I traveled on a Discovery Adventures Tour in Egypt in March 2012, and felt a bit daring in doing so! Since January 2011 protestors in the famed Tahrir Square of Cairo have brought about dynamic political change. It has been called the first social media revolution. But despite the fact the movement has been peaceful and almost Ghandian, there have been some governmental reprisals and travelers have been nervous about visiting. I found myself telling family and friends not to question my choice of going to Egypt! I knew it would be extraordinary and it was.
My preference is to always travel with a mission. This trip was no exception. I had the great fortune of meeting up with Planeterra’s independent researcher, Laura Carroll after my archeology tour in Cairo, Aswan and Luxor. The next day the head of G Adventures office in Egypt Mohammed Fayed arrived. Known to one and all as Mo, this nickname gives you some sense of his light and caring spirit. With our team united in Luxor, we immediately felt bonded and ready to be social activists.
After enjoying the monuments of ancient Egypt with our phenomenal guide Said Attia Said, I was ready to learn more about the life of everyday Egyptians during their famed democratic transition. The world of tombs, mummies and enormous temples was suddenly just a backdrop for daily life.
When Mo, Laura and I visited our first Planeterra project candidate, the Luxor Community Education Center, I learned first-hand that local children in every village need a chance at better schooling or they will fall behind and possibly never get beyond the most basic grades. Public education systems have been poor in local villages and were getting worse during this transition time. Families who want their children to have a chance at life beyond the farm and incomes at just $1-2 per day, have to pay for extra help. Needless to say they cannot afford it. This rough community center just outside the wealthy town of Luxor in a village called El Tod, was established by a loving Belgian man Kris Huybrechts to help local families to educate themselves and their children. Still only partially constructed, the Luxor Community Education center already provides low cost pre-school education. Next steps are to build the first community library. This will become Planeterra’s first important project in Egypt. Every G Adventures passenger will be able to visit, have a nice falafel snack made by local villagers on the premises, and help to support the community library.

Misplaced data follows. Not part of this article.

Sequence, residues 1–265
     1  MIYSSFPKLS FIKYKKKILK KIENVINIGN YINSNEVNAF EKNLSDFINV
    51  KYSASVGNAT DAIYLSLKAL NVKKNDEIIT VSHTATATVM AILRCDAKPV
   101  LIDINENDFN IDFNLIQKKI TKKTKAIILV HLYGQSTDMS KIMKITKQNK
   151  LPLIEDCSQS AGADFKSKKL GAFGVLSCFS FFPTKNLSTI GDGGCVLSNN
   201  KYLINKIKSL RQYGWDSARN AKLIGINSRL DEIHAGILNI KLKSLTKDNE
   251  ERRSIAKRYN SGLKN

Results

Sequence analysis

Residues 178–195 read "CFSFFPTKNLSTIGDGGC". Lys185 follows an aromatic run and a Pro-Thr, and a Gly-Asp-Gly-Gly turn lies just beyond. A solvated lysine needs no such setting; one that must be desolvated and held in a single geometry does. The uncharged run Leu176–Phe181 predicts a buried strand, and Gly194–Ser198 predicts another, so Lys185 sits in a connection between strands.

After visiting the Community Education Center, we walked right past the Luxor Winter Place Garden Hotel, a stunning old palace for the former King of Egypt before Nasser became president in 1952. I asked if we could see the hotel — a beautiful monumental structure along the Nile, and Laura quickly put us in touch with Mohamed Ali who works at the hotel by day as a manager, but by night works to improve the livelihood of villagers in his home village of Beshlaw, just 30 minutes away.
Mohamed gave us a tour of the luxury hotel which was impressive, and it was great to break the ice. He was quite nervous to show us his community center the next day. In the morning he confessed he had barely slept a wink thinking about the importance of Planeterra’s support and his hopes and dreams for the people in his community.
In Beshlaw, we met wonderful, expressive women, some wearing full veils, others head scarfs and all in the colorful attire of Muslim Egyptian women. It was hard to keep my eyes off of them. What I found refreshing was that in our organizational meeting, Mohamed made sure many of the women teachers and administrators took part. Looking at women, especially those with veils was fascinating to me. The expression in their eyes was radiant! The sparkle that came from deep within themselves was reaching me with extraordinary warmth. I was dazzled. Planeterra will support a Women’s Sewing Cooperative in Beshlaw to give local women a chance at a more decent living and funds to support their children’s education. It was clear that this is a community that can thrive with more resources, and their community center is at the heart of their beings. They all cared so much – and the opportunity to work with such committed local people is just an inexpressible gift.
By Megan Epler Wood